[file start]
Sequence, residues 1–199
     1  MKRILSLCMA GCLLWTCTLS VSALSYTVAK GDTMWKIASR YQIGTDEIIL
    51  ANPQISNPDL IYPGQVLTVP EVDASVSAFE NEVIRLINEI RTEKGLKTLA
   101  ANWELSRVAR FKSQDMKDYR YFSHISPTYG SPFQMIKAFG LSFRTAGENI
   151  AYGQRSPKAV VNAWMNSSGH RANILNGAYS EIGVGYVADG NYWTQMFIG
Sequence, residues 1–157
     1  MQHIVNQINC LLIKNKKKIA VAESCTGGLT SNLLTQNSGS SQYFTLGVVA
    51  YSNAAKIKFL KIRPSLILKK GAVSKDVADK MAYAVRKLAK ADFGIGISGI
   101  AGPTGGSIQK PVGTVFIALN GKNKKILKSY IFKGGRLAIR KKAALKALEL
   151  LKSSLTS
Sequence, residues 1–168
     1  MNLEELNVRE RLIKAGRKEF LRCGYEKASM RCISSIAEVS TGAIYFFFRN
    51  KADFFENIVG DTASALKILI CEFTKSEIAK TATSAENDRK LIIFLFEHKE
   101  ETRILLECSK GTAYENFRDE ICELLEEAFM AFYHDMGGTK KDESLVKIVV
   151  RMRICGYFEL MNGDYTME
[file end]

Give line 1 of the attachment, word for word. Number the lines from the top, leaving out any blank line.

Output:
Sequence, residues 1–199